Thursday: High: 93
Thursday night: Low: 71
Friday: High: 91
» For a detailed forecast, visit The Atlanta Journal-Constitution weather page.
It’s sunny and bone dry in metro Atlanta, which means construction crews are out in force.
Despite multiple ongoing projects across the region, most freeways are moving at interstate speeds, according to the WSB 24-hour Traffic Center.
Construction has closed one I-285 South lane at Camp Creek Parkway, which is causing delays back to Martin Luther King Jr. Drive, the Traffic Center reported.
Roadwork is also blocking one lane on I-20 West at Riverside Parkway, the Traffic Center reported. Drivers are moving over, but there are no significant delays.
And another crew is in a right lane on Ga. 400 South past Northridge Road.
The fall equinox is just days away, but Channel 2 Action News meteorologist Karen Minton said the last Thursday of summer will be a scorcher.
The temperature has already reached its expected high of 93 degrees this afternoon in metro Atlanta, and some spots could see highs up to 95.
“We’re well above average, some 12 degrees above normal for this time of the year,” Minton said. “We normally would be in the lower 80s.”
She said a ridge of strong high pressure is to blame for the high temps. The ridge sits over much of the eastern half of the U.S., causing air to sink to the surface and eliminating clouds.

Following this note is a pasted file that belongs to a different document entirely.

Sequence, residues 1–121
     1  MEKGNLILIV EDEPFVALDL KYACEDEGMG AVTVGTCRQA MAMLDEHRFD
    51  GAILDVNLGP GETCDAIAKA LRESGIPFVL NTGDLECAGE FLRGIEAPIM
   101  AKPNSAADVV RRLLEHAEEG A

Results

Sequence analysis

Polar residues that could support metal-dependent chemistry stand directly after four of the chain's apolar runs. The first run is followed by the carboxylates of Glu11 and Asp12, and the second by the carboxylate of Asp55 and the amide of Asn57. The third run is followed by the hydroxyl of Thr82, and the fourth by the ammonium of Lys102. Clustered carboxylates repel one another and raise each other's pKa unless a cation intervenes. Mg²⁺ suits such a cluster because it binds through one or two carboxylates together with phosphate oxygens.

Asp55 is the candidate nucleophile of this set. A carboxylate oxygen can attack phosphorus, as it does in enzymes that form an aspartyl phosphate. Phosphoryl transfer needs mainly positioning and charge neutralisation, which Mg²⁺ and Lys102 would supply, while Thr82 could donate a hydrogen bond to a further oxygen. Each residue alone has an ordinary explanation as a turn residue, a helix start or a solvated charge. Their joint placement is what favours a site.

“We end up with mostly sunny skies today,” Minton said. “In the heat of the day, some isolated clouds will pop up here and there, and we could see very, very few and far between showers. Most of us are not going to see a thing. It’s going to stay very dry — and hot.”
Rain chances stay below 10 percent Thursday and Friday before increasing slightly Saturday, the first official day of fall. North Georgia won’t get a break in the heat until the middle of next week, Minton said, when rain chances rise to 40 percent.
“As we make our way into Saturday, mountain counties have a better chance of seeing showers,” she said. “We pretty much stay dry in metro Atlanta.”
According to Channel 2, real relief is in sight — in the first week of October. Until then, North Georgia will just have to make the best of the heat.
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